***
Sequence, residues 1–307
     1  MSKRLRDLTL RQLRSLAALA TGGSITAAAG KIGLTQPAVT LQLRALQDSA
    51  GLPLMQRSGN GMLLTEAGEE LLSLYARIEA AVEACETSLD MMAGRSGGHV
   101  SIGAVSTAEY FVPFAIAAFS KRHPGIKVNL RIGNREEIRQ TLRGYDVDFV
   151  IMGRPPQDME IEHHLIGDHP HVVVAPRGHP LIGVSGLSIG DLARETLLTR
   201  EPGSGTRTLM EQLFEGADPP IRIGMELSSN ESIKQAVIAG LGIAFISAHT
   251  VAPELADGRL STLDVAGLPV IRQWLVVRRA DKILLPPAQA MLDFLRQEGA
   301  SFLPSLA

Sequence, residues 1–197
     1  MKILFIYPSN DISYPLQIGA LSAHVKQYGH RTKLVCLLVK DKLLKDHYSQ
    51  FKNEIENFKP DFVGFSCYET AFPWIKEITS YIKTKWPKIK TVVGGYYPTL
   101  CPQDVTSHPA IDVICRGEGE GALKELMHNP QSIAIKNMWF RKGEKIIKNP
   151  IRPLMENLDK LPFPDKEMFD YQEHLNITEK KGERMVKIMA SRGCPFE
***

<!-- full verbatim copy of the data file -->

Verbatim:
Sequence, residues 1–307
     1  MSKRLRDLTL RQLRSLAALA TGGSITAAAG KIGLTQPAVT LQLRALQDSA
    51  GLPLMQRSGN GMLLTEAGEE LLSLYARIEA AVEACETSLD MMAGRSGGHV
   101  SIGAVSTAEY FVPFAIAAFS KRHPGIKVNL RIGNREEIRQ TLRGYDVDFV
   151  IMGRPPQDME IEHHLIGDHP HVVVAPRGHP LIGVSGLSIG DLARETLLTR
   201  EPGSGTRTLM EQLFEGADPP IRIGMELSSN ESIKQAVIAG LGIAFISAHT
   251  VAPELADGRL STLDVAGLPV IRQWLVVRRA DKILLPPAQA MLDFLRQEGA
   301  SFLPSLA

Sequence, residues 1–197
     1  MKILFIYPSN DISYPLQIGA LSAHVKQYGH RTKLVCLLVK DKLLKDHYSQ
    51  FKNEIENFKP DFVGFSCYET AFPWIKEITS YIKTKWPKIK TVVGGYYPTL
   101  CPQDVTSHPA IDVICRGEGE GALKELMHNP QSIAIKNMWF RKGEKIIKNP
   151  IRPLMENLDK LPFPDKEMFD YQEHLNITEK KGERMVKIMA SRGCPFE